Fractionation of the stable isotopes of carbon and oxygen in calcareous marine invertebrates - the Asteroidea, Ophiuroidea and Crinoidea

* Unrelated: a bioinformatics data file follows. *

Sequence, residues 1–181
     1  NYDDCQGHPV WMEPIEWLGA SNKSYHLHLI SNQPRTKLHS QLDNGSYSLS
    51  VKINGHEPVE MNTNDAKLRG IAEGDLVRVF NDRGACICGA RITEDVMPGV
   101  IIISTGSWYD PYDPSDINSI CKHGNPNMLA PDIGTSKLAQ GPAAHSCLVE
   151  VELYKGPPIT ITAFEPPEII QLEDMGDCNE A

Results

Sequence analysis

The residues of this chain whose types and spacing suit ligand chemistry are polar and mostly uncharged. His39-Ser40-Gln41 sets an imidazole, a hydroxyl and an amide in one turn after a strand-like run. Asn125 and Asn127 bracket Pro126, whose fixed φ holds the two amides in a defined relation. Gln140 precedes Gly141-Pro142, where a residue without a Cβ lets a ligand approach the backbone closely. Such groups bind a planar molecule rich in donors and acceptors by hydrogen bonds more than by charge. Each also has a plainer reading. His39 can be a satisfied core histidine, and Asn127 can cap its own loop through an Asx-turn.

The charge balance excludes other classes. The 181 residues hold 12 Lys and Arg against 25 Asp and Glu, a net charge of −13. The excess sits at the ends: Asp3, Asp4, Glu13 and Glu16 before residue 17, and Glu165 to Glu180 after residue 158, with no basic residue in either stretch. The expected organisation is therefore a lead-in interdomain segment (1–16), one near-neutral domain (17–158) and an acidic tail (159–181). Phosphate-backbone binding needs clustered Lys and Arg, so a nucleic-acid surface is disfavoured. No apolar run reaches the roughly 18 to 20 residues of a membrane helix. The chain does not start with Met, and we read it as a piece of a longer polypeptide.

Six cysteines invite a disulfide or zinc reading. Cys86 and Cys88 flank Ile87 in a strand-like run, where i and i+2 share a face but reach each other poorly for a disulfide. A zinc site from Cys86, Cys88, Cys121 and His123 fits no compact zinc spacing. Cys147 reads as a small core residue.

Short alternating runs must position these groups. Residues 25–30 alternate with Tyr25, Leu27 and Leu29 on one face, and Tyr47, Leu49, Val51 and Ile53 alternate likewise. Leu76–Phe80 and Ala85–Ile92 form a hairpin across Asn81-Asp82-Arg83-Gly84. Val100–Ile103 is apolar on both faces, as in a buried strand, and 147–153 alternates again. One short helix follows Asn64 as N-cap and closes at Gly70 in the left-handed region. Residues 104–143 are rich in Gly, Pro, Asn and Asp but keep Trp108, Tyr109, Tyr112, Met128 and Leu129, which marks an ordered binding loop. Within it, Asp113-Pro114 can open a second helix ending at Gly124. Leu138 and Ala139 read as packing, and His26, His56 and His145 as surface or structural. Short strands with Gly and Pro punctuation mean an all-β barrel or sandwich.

Quantitatively, the Eehinodermata constitute an important phylum of the carbonatesecreting marine invertebrates, comprising up to 90 per cent of the total biomass in some areas of the ocean. Locally, they may be important contributors to sediment as a result of their large numbers, the high proportion of skeletal carbonate in a given animal, the relatively short life span, and the rapidity with which disarticulated skeletal ossicles, ranging in size from the large spine of the slate-pencil urchin to microscopic pedicellariae, are distributed by submarine geological processes after death of the organism. The echinoderms differ from most carbonatesecreting marine organisms in the isotopic composition of their skeletal calcite. A pronounced biological effect with genetic control is evident in the fractionation of the stable carbon and oxygen isotopes by echinoderms. Five hundred and seventy-three specimens were selected to represent the population of living asteroids. All important taxonomic groups are included. The analyzed asteroids were taken from world-wide localities, from polar to tropical seas, and from littoral to abyssal depths. The major findings are: (1) Relatively large and systematic variations in δC13 and δO18 occur for different skeletal elements within a single animal(2) δC13 and δO18 values of these different skeletal elements are positively correlated (3) asteroid calcite is enriched in C 12 and O 16 with respect to "inorganic" carbonate (4) significant differences in isotopic composition exist at the species and higher levels. All of these observations are accounted for by an isotope exchange reaction between respiratory carbon dioxide and dissolved bicarbonate at or near the site of skeletal deposition, a consequence of the primitive respiratory system of the Asteroidea. The distribution of the stable carbon and oxygen isotopes in the skeletal calcite of ophiuroids (brittle stars), an important component of the carbonate-secreting invertebrate fauna over much of the sea floor, has been determined for 166 specimens referred to eleven families. The analyzed samples, taken from environments ranging from the cold waters of Alaska, Greenland and Siberia to the warm tropical seas of the central Pacific, and from depths ranging from littoral to 2086 m, are considered to adequately represent the known living ophiuroid population. Within a single animal, systematic differences in δC13 and δO18 to the extent of 1-2 permil are observed for different skeletal elements, and the δC13 and δO18 values are positively but poorly correlated. With the exception of the families Asteronychidae and Gorgonocephalidae, the mean skeletal C 13 and O 18 contents of the various ophiuroids are similar but are quite distinct from those of all other analyzed echinoderms (Echinoidea, Asteroidea, Crinoidea) except the irregular or "sand-dollar" echinoids. All of these observations are consistent with the mechanism of carbon and oxygen isotope fractionation in calcification of ephinoderms proposed to account for the unusual C 13:C 18 and O 18:O 16 found in echinoid and asteroid calcites. The skeletal calcite of living crinoids is appreciably enriched in C 12 and moderately enriched in O 16 with respect to calcium carbonate which might be precipitated inorganically from seawater at the same temperature. Crinoidal calcites are isotopically lighter than those of most other echinoderms, and the stable isotope fractionation model proposed for echinoids, ophiuroids and asteroids applies equally well to crinoids.